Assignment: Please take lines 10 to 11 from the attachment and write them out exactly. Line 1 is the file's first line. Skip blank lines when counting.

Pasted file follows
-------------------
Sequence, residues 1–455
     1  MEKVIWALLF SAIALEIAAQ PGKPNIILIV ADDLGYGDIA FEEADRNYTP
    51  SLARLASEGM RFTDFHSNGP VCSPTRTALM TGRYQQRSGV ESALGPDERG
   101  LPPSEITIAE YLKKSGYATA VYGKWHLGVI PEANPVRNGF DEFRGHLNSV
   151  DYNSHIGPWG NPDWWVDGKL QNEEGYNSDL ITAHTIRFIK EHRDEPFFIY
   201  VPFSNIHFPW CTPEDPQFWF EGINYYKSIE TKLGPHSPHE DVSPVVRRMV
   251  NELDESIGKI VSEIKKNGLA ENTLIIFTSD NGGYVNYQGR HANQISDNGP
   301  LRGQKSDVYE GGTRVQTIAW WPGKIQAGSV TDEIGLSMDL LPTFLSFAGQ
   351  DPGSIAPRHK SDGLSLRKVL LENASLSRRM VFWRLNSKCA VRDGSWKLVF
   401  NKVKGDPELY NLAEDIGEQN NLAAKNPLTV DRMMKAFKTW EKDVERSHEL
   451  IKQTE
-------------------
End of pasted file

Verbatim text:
   401  NKVKGDPELY NLAEDIGEQN NLAAKNPLTV DRMMKAFKTW EKDVERSHEL
   451  IKQTE